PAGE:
"Granny America" and her piano
Amèrica Cazes Viladomat was born on April 11, 1882 in the city of Cienfuegos, Cuba.
His father, Celestino Cazes Carbonell, was one of the young men who emigrated to Cuba in search of fortune, like the "indianos" of the time. He ran a store of textile and food material. His interest in chemistry and mineralogy led him to become obsessed with mines and he did not stop until he found gold of different types, even doing research to try to find the composition of the diamond and the way to build it.
As the business prospered well, he allowed himself to have workers, and as a consequence a house was built in Cienfuegos, even enjoying service staff.
From his mother Rosario Viladomat Cuesta, America acquired its cultural base and its eagerness to learn and discover new things. She is very dedicated and continues her studies, surrounded by flowers, plants, birds and all kinds of animals.
In 1889 her father presents samples of indigo and indian, wild plants, iron, charcoal from own mines and gold. All this during an Exhibition of Santa Clara's products, obtaining the first medal.
Years later in 1892, at the age of ten, they arrived in Europe, landing in La Coruña and then moving to Barcelona. Here he would get in touch with his Catalan uncles. It is here that he will study and learn about the welfare of the Catalan bourgeoisie, from his family and paternal friends.
With the sudden death of her father, they decide to stay in Barcelona for good, taking all the furniture and belongings of the house in Cienfuegos with them from Cuba. She continues to take singing, piano and painting lessons while her passion for reading increases.
At the age of 15 she is socially presented at length in the Liceu de Barcelona.
In 1904 at the age of 22 she marries Luis Coma y Cros, the son of a wealthy industrial family.
As time went by and given her delicate health, she kept a lot of rest and hardly ever left the house except to attend mass and visit his mother.
Painting, music and reading are increasingly part of her daily activities. She has converted one of his rooms into a library in which to put the piano that has arrived from Cuba.
Later, on May 24th 1936, he gives up another piano, the "piano empire Bierstedt of 1825" for a concert of the Associació Obrera de Concerts in which the Orfeó Català also participates.
During the civil war, in Barcelona, she lives protected by the Cuban flag and the mission of being close to "her people". She suffered hunger, restlessness and frights, always without losing heart. She saved her own life, her husband's and her children's lives. As a result of her relations with high officials of the Catalan Government, she managed to work in the Municipal Archive, cataloguing all the music from the records of the houses. Her strong character led her to come and go between bombs and sighs, sometimes being "red" or "Cuban communist" in order to defend her family.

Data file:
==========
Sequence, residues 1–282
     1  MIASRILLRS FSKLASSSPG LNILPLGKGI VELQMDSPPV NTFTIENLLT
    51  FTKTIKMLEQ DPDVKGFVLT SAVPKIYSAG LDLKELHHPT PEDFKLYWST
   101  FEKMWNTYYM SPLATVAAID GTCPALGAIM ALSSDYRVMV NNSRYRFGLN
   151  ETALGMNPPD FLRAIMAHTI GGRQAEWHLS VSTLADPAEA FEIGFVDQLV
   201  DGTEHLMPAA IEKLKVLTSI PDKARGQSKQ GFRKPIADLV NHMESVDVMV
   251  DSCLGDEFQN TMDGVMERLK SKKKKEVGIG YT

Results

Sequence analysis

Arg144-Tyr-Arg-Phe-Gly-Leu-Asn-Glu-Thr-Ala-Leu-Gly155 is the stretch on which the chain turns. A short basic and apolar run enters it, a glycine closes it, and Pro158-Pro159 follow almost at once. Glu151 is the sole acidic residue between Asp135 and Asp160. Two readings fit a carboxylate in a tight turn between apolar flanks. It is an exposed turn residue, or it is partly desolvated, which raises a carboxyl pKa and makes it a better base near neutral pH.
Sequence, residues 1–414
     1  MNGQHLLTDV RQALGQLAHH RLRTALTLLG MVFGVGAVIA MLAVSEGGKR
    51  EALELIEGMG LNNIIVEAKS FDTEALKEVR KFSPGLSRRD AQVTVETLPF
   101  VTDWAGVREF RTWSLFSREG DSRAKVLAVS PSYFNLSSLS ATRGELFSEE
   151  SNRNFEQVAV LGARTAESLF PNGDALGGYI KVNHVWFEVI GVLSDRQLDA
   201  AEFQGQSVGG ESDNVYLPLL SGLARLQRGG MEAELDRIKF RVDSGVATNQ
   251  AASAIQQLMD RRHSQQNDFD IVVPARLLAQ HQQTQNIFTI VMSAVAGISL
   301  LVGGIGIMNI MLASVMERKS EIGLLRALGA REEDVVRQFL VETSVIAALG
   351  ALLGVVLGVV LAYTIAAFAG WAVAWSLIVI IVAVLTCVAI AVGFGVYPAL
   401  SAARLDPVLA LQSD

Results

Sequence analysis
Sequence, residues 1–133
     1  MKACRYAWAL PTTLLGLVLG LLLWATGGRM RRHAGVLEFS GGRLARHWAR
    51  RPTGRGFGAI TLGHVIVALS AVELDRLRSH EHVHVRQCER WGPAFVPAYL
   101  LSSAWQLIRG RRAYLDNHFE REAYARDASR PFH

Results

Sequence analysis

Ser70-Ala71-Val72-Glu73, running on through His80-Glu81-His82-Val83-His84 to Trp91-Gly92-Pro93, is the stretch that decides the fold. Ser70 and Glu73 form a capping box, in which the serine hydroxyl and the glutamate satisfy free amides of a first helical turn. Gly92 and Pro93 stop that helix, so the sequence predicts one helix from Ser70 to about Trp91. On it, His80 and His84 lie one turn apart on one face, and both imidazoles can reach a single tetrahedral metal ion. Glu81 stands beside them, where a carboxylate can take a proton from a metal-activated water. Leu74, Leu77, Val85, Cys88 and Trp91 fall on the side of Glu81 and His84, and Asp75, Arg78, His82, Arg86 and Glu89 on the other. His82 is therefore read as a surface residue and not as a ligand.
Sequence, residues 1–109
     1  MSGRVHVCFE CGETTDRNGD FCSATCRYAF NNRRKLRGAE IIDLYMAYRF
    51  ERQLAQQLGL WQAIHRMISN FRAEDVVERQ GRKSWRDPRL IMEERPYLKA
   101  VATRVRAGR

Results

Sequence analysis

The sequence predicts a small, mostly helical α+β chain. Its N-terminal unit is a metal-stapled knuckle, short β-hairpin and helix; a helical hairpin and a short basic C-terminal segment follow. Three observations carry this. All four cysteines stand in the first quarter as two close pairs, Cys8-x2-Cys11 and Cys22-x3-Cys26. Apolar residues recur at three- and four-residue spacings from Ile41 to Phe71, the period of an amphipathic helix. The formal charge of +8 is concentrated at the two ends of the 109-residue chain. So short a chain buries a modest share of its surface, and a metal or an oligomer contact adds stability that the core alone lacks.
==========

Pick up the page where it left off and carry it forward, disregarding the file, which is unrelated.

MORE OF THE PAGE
During the period between 1940 and 1953 she dedicated herself to carrying out what she called "Sesiones íntimas": domestic concerts at tea time, inviting and being accompanied by women and, above all, men of culture, music, art and literature.
To date, 53 documented "intimate sessions" have been held, including 26 concerts, 21 conferences and 2 tributes. Amèrica combined these sessions with the presence of great personalities of the local and international culture of the moment with the presentation of some young emerging promises, for whom she acted as a mentor.
She managed to build a cultural oasis in one of the most convulsive moments for society, in which the right of assembly was not authorized. She was able to ride on both sides, with the aim of promoting culture and music, becoming in her own way, and bridging the distances, a lady of the Renaissance.
She died in 1959, at the age of 77.
The Bierstedt piano of 1827 that has brought us together today stands out for its uniqueness being currently one of the only 3 catalogued pianos of this Belgian manufacturer based in Paris.
Because of the history and the cultural interest that the activity organized by its owner Amèrica Cazes had for the City, the Coma-Cros Raventós family decided to donate it to the Museu de la Música.
I thank in name of all the family the good reception and disposition on the part of the museum. We are sure that the best thing that could happen to the fortepiano is, precisely, to come back to life. It is clear to us that to be among people who love music, promote it and know how to enjoy it, would be without a doubt the desire of our dear "Abuelita Amèrica".